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Find out what Colby-Sawyer alumni have been up to since graduation.

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The Art and Science of Teaching

by Jean Eckrich, Professor of Exercise and Sport Sciences

Educators often cite helping students become lifelong learners as their highest goal, and this is especially true at a teaching college like Colby-Sawyer. As faculty, we must also commit to continuous learning, not only in our fields of study, but also in pedagogy—the art and science of teaching. The classes we teach today differ dramatically from those we experienced as college students, and thus it is vital for faculty to integrate the best new research, methodologies and tools into our teaching practices.

In fall 2009, the college initiated the Teaching Enrichment Center (TEC), which supports the faculty's professional development activities through funding from the Davis Educational Foundation. The TEC's primary goal is to enhance student learning through the support and development of excellent teaching practices. We achieve this goal by bringing faculty together to share successful teaching techniques and to brainstorm innovative ways of approaching teaching or learning challenges —such as facilitating effective class discussions or designing new courses. Our faculty members also participate in workshops led by colleagues or outside experts and often visit one another's classrooms to learn from each other.

Each academic year now begins with two major TEC initiatives, which reflects our commitment to excellence in teaching and engaged learning. In the four-day New Faculty Orientation program, our new full-time faculty members learn about the college and discuss teaching and learning issues and practices, exploring topics such as how to develop learning outcomes for courses, effective learning assessment practices and ways to encourage active learning strategies among students.

The Teaching and Learning Salon is a mini-conference in which faculty and academic staff discuss topics such as how to incorporate Process Oriented Guided Inquiry Learning (POGIL) activities or peer review of writing into the classroom. These sessions are augmented by poster presentations that highlight research on teaching and learning that faculty members have presented at professional conferences, with recent topics addressing the use of concept maps in courses and ways to integrate quantitative literacy across the curriculum.

Throughout the academic year, TEC programs facilitated by faculty and staff include “coffee, tea and conversations,” reading groups and learning communities that extend our focus on teaching and learning. We discuss or read about topics such as integrating undergraduate research throughout students' experiences, developing effective group assignments and designing an inclusive classroom.

While each TEC opportunity is valuable, the collective impact on our teaching and learning environment has been positive and powerful. I use new classroom assessment techniques every semester and recently adopted some POGIL activities in my biomechanics class, in which I provided pictorial descriptions of four different velocity and acceleration scenarios. Students were then able to write the mechanical principles that guide understanding of velocity and acceleration, and successfully solve some biomechanical problems.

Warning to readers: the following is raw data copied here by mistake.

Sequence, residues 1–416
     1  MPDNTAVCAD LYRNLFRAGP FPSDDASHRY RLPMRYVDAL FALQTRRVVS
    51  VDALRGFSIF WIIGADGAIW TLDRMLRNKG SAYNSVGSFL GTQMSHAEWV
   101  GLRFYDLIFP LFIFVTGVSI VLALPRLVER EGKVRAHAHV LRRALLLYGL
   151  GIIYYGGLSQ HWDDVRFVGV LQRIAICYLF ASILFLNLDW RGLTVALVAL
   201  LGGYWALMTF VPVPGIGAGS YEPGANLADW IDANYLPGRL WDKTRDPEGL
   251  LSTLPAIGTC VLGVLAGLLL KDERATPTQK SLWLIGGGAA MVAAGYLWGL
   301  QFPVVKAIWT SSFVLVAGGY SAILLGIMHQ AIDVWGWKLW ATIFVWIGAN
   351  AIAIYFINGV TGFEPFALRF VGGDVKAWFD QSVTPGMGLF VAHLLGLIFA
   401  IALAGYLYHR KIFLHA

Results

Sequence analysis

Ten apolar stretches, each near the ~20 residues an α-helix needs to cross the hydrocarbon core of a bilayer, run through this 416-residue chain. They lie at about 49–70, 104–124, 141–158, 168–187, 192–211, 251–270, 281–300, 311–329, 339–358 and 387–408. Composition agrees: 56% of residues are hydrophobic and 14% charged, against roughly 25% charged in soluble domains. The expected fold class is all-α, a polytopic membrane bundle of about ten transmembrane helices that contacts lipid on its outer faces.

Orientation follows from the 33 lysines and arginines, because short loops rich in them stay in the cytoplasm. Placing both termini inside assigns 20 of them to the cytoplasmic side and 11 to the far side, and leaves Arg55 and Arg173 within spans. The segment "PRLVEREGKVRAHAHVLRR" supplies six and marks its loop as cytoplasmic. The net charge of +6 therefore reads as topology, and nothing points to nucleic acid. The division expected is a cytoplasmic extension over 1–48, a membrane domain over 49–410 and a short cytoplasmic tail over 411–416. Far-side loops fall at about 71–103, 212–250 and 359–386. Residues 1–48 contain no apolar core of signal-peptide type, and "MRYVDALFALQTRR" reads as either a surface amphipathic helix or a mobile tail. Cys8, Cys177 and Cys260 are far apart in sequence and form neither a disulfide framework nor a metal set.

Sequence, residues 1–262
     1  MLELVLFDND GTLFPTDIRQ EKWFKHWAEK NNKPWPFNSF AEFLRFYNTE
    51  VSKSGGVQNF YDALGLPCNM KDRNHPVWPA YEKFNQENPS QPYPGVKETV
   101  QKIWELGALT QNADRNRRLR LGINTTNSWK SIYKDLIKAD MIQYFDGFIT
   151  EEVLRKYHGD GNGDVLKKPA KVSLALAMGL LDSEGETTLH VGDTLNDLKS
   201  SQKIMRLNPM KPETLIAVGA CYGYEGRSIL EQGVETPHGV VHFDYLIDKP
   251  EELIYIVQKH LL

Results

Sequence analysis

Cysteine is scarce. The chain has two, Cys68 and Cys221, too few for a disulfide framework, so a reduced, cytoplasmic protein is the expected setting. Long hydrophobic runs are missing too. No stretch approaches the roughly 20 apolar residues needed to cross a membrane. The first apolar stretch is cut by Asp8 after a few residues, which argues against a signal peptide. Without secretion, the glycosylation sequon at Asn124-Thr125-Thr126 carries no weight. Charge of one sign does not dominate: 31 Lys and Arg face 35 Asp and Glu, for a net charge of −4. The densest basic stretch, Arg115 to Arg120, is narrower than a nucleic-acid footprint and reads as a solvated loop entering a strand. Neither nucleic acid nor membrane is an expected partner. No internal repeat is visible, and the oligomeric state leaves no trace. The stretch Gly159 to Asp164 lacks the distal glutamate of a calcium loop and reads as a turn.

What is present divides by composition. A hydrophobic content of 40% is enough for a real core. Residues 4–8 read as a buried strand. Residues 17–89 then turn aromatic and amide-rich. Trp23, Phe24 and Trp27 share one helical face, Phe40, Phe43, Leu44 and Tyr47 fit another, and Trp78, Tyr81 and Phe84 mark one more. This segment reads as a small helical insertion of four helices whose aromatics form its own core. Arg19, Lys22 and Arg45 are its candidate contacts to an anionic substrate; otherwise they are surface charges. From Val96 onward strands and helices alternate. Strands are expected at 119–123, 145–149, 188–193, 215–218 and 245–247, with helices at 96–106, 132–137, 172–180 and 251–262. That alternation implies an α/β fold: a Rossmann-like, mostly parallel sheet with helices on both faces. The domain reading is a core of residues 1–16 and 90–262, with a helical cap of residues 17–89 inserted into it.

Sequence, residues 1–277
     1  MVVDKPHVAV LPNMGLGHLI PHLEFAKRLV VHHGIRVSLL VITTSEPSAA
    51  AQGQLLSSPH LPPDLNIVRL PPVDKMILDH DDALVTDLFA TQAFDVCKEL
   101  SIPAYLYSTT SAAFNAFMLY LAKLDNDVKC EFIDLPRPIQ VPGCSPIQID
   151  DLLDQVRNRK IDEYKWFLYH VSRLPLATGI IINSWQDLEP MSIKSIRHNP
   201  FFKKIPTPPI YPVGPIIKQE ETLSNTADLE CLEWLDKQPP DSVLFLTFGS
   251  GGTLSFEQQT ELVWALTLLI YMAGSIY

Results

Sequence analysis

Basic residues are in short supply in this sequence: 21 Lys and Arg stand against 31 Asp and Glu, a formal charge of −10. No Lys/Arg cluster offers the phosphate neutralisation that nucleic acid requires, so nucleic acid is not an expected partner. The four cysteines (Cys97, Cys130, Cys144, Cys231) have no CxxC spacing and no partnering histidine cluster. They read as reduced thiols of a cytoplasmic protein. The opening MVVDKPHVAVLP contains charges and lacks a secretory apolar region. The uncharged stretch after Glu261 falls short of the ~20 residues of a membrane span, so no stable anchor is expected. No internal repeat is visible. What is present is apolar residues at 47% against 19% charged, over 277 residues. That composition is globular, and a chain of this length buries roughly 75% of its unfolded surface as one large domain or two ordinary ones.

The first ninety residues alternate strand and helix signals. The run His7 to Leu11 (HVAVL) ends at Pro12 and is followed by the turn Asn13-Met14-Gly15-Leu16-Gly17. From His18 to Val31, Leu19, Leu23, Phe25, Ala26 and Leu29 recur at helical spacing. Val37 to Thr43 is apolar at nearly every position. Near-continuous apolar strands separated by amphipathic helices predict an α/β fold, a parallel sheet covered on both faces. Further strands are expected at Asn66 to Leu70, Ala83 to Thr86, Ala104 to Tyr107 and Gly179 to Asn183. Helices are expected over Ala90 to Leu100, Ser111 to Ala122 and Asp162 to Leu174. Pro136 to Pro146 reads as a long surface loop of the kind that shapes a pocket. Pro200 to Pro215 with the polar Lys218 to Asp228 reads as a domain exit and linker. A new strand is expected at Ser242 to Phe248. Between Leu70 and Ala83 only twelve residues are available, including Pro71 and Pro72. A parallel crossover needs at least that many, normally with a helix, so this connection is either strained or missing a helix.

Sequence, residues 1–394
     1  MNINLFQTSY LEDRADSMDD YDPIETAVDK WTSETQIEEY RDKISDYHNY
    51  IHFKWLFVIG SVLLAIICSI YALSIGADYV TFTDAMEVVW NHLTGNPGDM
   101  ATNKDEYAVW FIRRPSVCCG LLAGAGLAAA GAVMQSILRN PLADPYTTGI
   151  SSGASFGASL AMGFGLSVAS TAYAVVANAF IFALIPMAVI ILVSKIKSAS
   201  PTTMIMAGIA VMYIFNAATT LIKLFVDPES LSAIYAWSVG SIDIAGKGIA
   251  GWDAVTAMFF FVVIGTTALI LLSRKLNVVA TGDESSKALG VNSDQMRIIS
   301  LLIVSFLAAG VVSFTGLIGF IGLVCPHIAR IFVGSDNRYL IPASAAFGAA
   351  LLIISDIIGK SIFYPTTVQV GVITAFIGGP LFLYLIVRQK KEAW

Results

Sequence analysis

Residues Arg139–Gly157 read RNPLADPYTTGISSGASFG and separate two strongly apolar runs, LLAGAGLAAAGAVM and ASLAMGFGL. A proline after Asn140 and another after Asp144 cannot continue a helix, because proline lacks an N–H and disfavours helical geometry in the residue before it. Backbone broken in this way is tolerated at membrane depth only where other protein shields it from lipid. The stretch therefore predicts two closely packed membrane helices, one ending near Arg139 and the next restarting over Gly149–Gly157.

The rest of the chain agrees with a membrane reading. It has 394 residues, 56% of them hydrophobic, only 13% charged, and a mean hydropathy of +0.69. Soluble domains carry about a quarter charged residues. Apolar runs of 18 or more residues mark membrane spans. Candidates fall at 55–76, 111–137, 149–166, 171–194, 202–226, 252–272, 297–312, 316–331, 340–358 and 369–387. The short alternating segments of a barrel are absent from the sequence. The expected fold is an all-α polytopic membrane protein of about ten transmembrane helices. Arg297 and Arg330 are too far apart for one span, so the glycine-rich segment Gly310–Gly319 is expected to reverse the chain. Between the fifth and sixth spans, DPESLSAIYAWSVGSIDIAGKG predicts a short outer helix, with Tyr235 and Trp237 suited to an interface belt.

Sharon Beaudry, a new faculty member in Business Administration who began teaching through lectures and PowerPoint slides, says the TEC programs have helped her be “more thoughtful, creative and courageous” in the classroom. “Last semester while teaching business law, I used techniques such as debates and case studies to encourage student discussion,” Professor Beaudry says. “Over the course of the semester, even the quietest students began to share opinions. The outcome was a very lively and engaged class, even at 8 a.m.”

Assistant Professor of Social Sciences and Education Eric Boyer was a self-proclaimed “Luddite” who “feared all things technological” when he arrived at Colby- Sawyer four years ago. Through the New Faculty Orientation and other TEC activities, Professor Boyer says he “slowly made peace with technology.”

“The Teaching Enrichment Center has been a fantastic ally for me as I attempt to convert my teaching philosophy into effective teaching practices. Nowhere was this more apparent than in the realm of integrating technology into the classroom,” Professor Boyer explains. “I am now bringing online simulations into both my face-to-face and virtual government classrooms.”

Professor Boyer has had success in experimenting with team-based learning strategies and in engaging his students in the subject matter of his courses through interactive technologies such as wikis and blogs. His effectiveness as a teacher was recognized twice—in 2011 with the Jack Jensen Award for Excellence in Teaching— Colby-Sawyer's highest teaching award—and the New Hampshire Excellence in Education Award for Higher Education in 2012.

It has been my privilege to be part of this initiative and to work with faculty and staff colleagues who challenge and assist each other in their quest to create meaningful and stimulating learning environments. Our faculty from all disciplines and with all levels of experience are sharing ideas and strategies, knowing students will be the ultimate beneficiaries.

Professor Jean Eckrich directs the Teaching Enrichment Center. She is an expert in the role of exercise in lifelong health, the mechanics and development of human motion, the changing role of women in sports, and appropriate principles and practices for coaches.